Why McKinsey’s apology might not be enough
Kevin Sneader, the head of McKinsey, one of the world’s most secretive business organisations, visited SA this week to seek forgiveness for the firm’s role in state capture. But ‘sorry’ might not be enough
Sorry, the song goes, seems to be the hardest word. But in the case of McKinsey’s newly minted global head Kevin Sneader, it was the centrepiece of his mea culpa to the SA business community as he gave a thoroughly Japanese-like apology for his company’s involvement in state capture through its deals with Eskom, Transnet, Trillian and Regiments Capital.
Sneader still took a lashing. At an event this week hosted by the Gordon Institute of Business Science, he was grilled by attendees like Business Leadership SA’s unforgiving head Bonang Mohale, Corruption Watch’s David Lewis, JSE chair Nonkululeko Nyembezi and the media.
Nicola Kleyn, dean of the business school, told Sneader that he’d "dived into a pool of pain", while Mohale lambasted a business community that he said had profited from corruption in state-owned companies while giving little back.
"Context in SA is everything," said Mohale. "You are part of a business community that after 350 years didn’t even ask for forgiveness, just took forgiveness. After taking it, you still behaved in the manner that you did, so I’m hoping you’ll begin to understand not only the frustration but the bone-deep anger."
And this was one of Mohale’s more restrained criticisms.
Sneader’s apology came on the same day that McKinsey repaid Eskom R902m of a R1.6bn fee it received in 2016 (without adding interest).
He admitted that McKinsey’s governance processes had failed when in 2015 it contracted Regiments as its empowerment partner to help Eskom save money and build internal engineering capacity.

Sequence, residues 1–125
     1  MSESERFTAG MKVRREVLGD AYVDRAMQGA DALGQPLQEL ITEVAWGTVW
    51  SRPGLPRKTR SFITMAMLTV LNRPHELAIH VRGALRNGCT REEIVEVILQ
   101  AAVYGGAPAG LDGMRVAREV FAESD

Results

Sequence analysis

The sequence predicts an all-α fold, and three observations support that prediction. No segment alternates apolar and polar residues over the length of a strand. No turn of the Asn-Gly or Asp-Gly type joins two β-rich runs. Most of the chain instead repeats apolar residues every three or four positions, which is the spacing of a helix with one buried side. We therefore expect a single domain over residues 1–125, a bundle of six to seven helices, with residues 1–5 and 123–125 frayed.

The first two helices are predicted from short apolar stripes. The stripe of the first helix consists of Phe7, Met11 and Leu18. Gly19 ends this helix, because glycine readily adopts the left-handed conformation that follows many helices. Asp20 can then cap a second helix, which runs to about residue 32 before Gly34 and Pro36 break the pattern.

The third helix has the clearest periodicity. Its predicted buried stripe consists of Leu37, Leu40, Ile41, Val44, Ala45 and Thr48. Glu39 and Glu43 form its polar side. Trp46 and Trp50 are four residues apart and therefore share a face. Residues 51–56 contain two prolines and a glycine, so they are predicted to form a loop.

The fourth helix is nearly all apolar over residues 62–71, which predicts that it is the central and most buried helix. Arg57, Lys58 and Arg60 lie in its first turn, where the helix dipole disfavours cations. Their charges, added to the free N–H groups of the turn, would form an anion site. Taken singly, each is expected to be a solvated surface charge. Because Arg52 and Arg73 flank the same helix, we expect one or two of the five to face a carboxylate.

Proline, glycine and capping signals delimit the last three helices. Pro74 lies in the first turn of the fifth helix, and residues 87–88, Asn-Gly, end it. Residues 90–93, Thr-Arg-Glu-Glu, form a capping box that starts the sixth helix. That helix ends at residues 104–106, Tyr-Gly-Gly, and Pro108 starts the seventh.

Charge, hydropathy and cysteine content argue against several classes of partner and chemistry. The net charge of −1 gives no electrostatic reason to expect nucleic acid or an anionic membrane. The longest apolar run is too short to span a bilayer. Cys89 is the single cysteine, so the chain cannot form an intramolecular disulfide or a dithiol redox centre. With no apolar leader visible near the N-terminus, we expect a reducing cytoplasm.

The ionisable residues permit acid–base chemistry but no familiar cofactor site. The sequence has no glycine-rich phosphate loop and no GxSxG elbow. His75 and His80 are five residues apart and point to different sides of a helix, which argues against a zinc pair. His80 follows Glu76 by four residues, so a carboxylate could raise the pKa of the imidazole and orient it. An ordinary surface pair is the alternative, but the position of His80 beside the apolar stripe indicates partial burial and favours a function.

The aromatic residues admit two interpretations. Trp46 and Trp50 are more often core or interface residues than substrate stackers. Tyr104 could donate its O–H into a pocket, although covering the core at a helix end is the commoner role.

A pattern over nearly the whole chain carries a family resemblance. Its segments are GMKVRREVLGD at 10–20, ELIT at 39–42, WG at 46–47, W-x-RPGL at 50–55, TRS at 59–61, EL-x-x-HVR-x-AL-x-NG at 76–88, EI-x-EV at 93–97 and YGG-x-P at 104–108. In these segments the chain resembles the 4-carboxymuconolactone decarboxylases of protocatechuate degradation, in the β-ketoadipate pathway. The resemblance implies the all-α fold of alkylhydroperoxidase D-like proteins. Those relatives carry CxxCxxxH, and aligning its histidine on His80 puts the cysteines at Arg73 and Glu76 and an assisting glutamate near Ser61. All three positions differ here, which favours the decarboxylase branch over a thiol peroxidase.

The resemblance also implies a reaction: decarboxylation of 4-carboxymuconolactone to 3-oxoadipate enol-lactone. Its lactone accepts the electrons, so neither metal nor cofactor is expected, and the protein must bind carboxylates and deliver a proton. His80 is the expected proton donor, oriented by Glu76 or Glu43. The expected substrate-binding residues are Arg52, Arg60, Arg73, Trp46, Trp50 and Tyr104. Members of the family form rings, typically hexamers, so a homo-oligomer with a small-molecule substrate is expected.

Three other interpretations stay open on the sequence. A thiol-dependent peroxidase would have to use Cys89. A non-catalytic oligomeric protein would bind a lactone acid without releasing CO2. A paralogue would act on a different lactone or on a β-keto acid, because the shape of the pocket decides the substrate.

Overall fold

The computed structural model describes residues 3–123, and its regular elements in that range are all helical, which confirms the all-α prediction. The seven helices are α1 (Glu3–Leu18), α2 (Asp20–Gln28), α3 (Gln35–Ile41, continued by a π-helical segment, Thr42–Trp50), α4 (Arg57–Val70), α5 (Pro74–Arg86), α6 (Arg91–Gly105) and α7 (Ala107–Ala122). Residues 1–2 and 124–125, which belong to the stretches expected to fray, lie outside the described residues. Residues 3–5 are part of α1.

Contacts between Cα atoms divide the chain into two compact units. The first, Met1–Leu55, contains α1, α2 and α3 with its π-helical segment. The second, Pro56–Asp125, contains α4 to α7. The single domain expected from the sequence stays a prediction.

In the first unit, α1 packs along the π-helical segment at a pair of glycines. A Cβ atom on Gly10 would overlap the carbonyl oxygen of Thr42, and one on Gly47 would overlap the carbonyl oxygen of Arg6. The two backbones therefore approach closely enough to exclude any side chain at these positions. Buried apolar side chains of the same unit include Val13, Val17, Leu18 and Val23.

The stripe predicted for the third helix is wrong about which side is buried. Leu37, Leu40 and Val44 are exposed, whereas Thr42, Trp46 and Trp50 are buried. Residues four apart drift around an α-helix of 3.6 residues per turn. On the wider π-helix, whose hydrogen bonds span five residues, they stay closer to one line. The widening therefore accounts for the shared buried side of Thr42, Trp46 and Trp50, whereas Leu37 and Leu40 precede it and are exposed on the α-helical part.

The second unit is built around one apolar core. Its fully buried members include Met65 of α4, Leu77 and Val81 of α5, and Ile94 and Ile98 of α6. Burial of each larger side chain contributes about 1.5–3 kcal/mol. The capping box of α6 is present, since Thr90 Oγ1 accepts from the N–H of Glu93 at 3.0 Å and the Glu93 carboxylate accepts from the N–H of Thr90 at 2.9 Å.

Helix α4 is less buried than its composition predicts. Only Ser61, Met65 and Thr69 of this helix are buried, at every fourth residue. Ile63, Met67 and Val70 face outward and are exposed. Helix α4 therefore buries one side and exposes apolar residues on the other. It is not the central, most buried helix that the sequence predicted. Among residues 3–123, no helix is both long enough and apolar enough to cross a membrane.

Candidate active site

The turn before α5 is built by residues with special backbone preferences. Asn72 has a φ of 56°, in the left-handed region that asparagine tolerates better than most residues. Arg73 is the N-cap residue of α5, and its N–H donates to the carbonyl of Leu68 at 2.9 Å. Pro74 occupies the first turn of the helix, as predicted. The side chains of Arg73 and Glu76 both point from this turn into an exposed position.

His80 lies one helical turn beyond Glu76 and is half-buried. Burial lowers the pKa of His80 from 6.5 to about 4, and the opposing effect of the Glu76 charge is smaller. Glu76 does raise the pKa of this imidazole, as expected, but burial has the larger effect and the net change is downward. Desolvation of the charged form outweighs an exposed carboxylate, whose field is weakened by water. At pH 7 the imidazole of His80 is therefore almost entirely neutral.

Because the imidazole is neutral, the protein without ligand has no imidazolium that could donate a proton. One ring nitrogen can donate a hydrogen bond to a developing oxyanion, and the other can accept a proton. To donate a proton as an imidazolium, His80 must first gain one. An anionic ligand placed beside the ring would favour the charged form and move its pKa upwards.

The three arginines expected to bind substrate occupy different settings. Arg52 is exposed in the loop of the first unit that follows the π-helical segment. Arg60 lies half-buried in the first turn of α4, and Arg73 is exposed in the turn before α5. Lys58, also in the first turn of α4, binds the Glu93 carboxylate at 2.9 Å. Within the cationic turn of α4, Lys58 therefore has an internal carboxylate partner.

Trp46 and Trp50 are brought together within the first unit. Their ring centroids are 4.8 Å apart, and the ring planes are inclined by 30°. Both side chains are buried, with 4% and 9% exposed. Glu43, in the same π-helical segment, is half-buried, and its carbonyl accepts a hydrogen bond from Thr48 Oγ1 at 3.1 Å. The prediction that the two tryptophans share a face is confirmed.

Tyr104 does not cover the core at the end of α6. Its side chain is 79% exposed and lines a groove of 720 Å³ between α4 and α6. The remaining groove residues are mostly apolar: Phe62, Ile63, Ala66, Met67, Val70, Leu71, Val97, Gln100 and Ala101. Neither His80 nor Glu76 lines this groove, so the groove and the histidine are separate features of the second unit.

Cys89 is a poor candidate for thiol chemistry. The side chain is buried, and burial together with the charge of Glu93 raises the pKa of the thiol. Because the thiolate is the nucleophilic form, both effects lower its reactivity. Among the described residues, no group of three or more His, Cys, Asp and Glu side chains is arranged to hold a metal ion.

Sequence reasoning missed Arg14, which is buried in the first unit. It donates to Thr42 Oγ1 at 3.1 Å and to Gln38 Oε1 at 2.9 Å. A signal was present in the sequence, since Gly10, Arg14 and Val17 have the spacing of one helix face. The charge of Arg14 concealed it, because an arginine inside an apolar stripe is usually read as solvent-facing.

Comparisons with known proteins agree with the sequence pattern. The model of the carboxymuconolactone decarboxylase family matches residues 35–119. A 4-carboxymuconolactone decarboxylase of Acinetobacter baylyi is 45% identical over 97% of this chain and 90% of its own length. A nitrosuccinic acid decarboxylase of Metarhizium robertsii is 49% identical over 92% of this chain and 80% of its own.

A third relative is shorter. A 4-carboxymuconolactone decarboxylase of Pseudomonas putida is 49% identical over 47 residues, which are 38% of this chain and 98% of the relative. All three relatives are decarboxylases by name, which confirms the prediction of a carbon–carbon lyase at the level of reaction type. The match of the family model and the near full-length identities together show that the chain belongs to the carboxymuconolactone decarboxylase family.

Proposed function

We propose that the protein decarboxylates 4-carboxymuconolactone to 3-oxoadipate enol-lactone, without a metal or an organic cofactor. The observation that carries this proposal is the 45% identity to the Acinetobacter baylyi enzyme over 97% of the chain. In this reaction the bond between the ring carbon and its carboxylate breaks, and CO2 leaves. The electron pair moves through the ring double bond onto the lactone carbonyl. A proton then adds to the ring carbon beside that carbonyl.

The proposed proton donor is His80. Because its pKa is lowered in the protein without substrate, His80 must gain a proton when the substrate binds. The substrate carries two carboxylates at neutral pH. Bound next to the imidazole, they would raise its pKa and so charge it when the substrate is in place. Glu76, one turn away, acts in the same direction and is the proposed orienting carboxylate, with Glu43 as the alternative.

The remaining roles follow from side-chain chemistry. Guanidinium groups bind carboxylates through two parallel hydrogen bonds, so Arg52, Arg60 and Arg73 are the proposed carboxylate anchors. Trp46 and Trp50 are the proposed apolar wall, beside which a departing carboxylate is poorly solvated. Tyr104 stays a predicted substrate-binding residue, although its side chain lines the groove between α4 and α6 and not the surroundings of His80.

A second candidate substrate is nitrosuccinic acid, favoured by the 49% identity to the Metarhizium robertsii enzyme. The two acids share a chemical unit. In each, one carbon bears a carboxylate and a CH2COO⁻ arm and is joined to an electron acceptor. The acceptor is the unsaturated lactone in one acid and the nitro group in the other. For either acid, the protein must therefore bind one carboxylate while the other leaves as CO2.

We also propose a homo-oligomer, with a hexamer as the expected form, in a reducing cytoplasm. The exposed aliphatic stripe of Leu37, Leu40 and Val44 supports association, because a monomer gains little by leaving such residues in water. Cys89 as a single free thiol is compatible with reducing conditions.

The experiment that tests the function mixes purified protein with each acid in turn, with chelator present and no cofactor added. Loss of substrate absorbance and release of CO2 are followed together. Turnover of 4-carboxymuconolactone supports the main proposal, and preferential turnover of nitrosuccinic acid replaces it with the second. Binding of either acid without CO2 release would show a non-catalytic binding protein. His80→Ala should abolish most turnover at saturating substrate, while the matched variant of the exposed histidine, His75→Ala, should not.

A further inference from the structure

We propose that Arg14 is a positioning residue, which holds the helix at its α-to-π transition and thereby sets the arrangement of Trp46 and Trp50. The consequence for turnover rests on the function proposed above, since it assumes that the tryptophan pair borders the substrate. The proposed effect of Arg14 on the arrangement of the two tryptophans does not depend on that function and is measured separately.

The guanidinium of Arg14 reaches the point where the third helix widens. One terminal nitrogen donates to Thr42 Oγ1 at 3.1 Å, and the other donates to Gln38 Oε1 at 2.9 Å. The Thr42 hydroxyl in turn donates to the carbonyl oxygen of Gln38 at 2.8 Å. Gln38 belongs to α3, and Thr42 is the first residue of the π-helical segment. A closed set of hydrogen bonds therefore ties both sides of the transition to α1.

Sneader acknowledged McKinsey’s due diligence into Regiments was "quick" and "inadequate", but he defended its due diligence into Trillian as "robust", if belated. "Due diligence should have been completed before any work started. We were so focused on delivering our work we did not focus on the broader risks."
He said the fee McKinsey charged Eskom was exorbitant because it was "weighted towards recovering our investment, rather than being in line with Eskom’s situation".
McKinsey and Trillian stood to earn a staggering R9.4bn from a three-year advisory contract with Eskom, signed in January 2016 against Eskom’s own legal advice. Leaked memos showed how McKinsey partners Vikas Sagar and Alexander Weiss discussed how to share the spoils with Trillian.
McKinsey launched a disciplinary process but Sagar left the company before it was concluded. Sneader insisted Sagar had not been "rewarded" to leave.
Referring to the time it had taken McKinsey to come clean, Sneader said: "We came across as arrogant or unaccountable. We were too focused on ourselves and our legal obligations. To be brutally honest — we were too distant to understand the growing anger in SA."
He added: "We understand now."
Sneader denied that McKinsey had done anything "criminal" when Lewis accused the company of being complicit in paying "a huge bribe" to Eskom.
"There’s no other way to coat it," said Lewis. "As far as we’re concerned, you’re guilty of offences in terms of the Foreign Corrupt Practices Act. Do we have the ability to prove that last mile? No we don’t, which is why we need the US department of justice or institutions with policing powers."
Lewis said McKinsey could not glibly say "sorry" and hand back the money. "When you steal large amounts of money you go to jail," he said.
Sneader replied: "I said I’d be as open as I possibly can and I will be: we have found no evidence to support the first part of your statement. You talk about inferences; I’m not in the world of inferences. Your inferences do not match up with the evidence. We simply disagree."
Sneader, 51, a Glaswegian, joined McKinsey nearly 30 years ago, after leaving university, and is clearly familiar with robust confrontation.
In a recent article about him, the Financial Times wrote: "McKinsey executives usually practise a Trappist-like silence when it comes to discussing the inner workings of their organisation." But the company’s "conversion to glasnost" had been partly forced by the Eskom scandal, it said.
Lewis had more to say at this week’s event. "Let me tell you, this would not be an unusual situation for a senior McKinsey executive … six years ago one of your predecessors went to jail for two years on an insider trading scandal, and guess what his surname was? Gupta.
"If I were the leader of the worldwide Gupta clan I’d steer clear of McKinsey … I’m not sure the good name of the Guptas could survive another brush with you."